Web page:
…then to Aquinas and whether or not he considered the soul to be immortal, and the concurrent issue concerning whether or not the soul is separate from the body. I found an entry to the Routledge Encyclopedia of Philosophy, by Richard Swinburne on this issue, http://www.newdualism.org/papers/R.Swinburne/Swinburne-Nature%20of%20Soul.pdf When we read the first few paragraphs, we get good synopsis of the problem. The issue rests on the transition from an Aristotelian version of the soul (psyche, Ψυχῆς) as intrinsically connected to the body. That is, Aristotle believed that the soul is the animating part of a person’s body–when the body died the soul dies with it. Given that Aquinas is Aristotelian, he mentions this very notion in the Summa Theologica, giving all of us the impression that he agrees with Aristotle, that the death of the body entails the death of the soul.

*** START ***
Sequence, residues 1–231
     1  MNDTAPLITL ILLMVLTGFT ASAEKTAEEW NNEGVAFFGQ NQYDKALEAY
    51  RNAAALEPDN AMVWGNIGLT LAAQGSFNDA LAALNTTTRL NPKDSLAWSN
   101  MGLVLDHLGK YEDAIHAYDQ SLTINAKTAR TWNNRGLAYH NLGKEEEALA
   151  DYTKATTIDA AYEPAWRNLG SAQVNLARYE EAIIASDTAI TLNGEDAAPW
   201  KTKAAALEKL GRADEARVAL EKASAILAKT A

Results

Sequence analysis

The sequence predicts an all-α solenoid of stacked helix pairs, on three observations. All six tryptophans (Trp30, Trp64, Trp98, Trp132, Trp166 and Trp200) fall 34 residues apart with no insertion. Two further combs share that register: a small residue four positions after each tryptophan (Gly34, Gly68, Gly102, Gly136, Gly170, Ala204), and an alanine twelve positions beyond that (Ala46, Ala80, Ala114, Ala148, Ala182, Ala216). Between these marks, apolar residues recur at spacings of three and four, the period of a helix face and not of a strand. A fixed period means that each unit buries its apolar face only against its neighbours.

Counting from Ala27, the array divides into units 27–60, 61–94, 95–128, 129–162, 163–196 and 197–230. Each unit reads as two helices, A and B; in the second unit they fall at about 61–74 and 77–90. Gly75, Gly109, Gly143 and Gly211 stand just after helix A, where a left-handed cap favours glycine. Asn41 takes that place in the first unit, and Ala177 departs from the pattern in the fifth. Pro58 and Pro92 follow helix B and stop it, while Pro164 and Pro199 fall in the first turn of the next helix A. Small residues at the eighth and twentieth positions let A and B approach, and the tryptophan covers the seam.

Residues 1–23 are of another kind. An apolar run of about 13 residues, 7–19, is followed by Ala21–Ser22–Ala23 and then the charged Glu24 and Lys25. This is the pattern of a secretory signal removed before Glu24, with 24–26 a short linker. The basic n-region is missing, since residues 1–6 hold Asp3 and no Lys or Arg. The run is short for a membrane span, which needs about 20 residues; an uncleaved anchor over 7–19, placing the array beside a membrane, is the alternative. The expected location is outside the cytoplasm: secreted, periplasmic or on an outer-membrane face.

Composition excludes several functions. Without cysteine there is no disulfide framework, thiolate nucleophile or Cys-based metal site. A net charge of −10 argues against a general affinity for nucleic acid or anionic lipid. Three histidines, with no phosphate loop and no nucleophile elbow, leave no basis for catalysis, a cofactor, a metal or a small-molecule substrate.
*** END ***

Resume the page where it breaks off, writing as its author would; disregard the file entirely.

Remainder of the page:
Yet it is not the case that Aquinas thought that the soul simply died with the body, or that the soul was not immortal. The easy way to think of this would be to recall that Aquinas is advocating a notion of resurrection. If a body is to resurrect with the body it once inhabited, the soul must live without the body until judgment day when the soul becomes embodied. Then according to Aquinas, the person resurrects from the dead to live on into eternity in heaven or hell. The questionable part comes with the notion of what the soul consists of while it is separate from its material matrix, its body. Does the soul lose its identity when it is not animating the body? As Swinburne indicates, Aquinas thinks that the soul is somehow “fitted” to its original body, perhaps like a key to a lock. The other point I am not sure of is what happens to the material body after it is judged.